My cousin was born in Spain, and he has always dreamed of moving to the United States. He recently started researching his options, but he has heard that it’s almost impossible to get a work visa under the Trump Administration.
I would be willing to help him in any way that I can, but I’m not familiar with the immigration process or visas.
I always thought it would be easier for him to get a visa because he has family living here. But I am finding out that that’s no longer true. Is it possible for my cousin to get into the US on a worker’s visa? Should he just give up?
Immigrants are flocking to the US, with immigrant worker demand increasing. The Trump Administration is calling for a halt to immigration at the Southern border, but there’s good news. We consulted with experts and found that there are H-2B visa options available.
“The government plans to issue 30,000 additional H-2B visas above the annual cap of 66,000,” explains the Law Offices of Cheng, Cho, & Yee. “While this might seem incongruous with the administration’s claims that the country is too full, low rates of unemployment are leaving employers in Illinois and elsewhere without enough workers to fill their jobs. The H-2B visa program is a legal way for foreign workers to legally work in the U.S. in non-agricultural seasonal jobs such as construction, restaurants, and tourism."
Spain is one of the countries that is eligible to have their citizens apply for the H-2B visa.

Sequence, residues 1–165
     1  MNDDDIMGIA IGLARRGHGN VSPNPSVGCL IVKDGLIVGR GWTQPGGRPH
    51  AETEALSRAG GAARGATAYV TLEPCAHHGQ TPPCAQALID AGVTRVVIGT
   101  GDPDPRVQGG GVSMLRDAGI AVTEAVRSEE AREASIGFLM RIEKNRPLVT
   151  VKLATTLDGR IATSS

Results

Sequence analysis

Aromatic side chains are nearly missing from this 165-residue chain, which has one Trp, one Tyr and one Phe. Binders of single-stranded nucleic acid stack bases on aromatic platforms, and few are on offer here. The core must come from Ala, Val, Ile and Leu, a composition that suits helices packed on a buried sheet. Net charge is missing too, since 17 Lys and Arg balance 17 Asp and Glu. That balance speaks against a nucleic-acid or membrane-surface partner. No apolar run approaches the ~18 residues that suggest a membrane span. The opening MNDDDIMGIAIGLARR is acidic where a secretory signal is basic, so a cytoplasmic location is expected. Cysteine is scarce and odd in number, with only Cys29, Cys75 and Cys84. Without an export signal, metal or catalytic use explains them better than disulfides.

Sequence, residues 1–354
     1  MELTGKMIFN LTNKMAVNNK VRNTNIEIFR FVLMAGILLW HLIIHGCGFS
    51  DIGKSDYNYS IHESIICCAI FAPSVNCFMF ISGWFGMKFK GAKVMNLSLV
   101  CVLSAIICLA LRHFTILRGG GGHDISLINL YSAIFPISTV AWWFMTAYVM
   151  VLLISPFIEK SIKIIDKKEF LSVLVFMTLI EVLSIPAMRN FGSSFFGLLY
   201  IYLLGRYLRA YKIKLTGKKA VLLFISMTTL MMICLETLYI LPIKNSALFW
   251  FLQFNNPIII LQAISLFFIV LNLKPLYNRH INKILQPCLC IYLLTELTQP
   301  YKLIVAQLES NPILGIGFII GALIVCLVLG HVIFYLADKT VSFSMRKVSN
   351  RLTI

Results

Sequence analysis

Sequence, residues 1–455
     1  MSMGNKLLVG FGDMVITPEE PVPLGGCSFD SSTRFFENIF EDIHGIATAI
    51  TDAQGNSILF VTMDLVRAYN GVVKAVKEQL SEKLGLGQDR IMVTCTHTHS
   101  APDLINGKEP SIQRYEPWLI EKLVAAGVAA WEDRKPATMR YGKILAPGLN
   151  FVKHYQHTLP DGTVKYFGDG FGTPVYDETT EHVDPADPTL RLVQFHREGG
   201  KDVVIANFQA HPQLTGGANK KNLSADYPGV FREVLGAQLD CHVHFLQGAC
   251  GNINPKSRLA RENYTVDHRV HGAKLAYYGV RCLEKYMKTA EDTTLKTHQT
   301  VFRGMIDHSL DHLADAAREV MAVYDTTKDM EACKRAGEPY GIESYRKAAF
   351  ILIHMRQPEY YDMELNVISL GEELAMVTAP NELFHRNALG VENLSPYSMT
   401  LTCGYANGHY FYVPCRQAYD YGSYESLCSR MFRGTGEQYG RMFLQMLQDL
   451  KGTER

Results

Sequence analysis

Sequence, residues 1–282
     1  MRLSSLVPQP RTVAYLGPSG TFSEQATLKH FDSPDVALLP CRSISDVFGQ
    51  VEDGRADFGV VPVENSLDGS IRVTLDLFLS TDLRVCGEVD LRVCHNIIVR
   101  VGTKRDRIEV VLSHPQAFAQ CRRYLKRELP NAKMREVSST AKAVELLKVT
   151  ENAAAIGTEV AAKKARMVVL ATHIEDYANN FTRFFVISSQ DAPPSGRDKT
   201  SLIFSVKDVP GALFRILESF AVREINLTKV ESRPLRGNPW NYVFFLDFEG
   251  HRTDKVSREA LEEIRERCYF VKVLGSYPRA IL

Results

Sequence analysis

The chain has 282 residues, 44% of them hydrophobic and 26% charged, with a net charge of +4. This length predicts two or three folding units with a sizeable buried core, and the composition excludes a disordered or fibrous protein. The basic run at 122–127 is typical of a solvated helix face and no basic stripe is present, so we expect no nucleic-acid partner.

The visa is temporary, and the person will have to work on other ways to be able to stay in the country long-term. Your cousin can apply for the visa, and it’s available to both skilled and unskilled, non-agricultural workers.
Under the rules of the visa, your cousin may be a spouse or child into the US, too.
The visa is valid for one-year, but if the employer is able to prove that they need your cousin’s services for longer, the visa can be extended yearly. Extensions are difficult, and they’re not automatic.
The visa can be extended to a maximum of three years.
If your cousin can qualify for the visa, it’s often the fastest option to get into the US. But your cousin can also obtain a green card through family or employment. Your best option is to go to an immigration attorney who will discuss all of your cousin’s options with you.
You can help your cousin by sponsoring them. A family member can sponsor another family member from overseas, or an employer can sponsor your cousin. If your cousin is able to obtain the H-2B visa, he should look for a sponsor that is an employer – this will help with the green card process.
Permanent residency is difficult and will take a lot of time to obtain.
It's important that your cousin doesn’t enter the US through a visa and stay in the country after the visa expires. Overstaying on your visa may lower your cousin’s chances of becoming a permanent resident.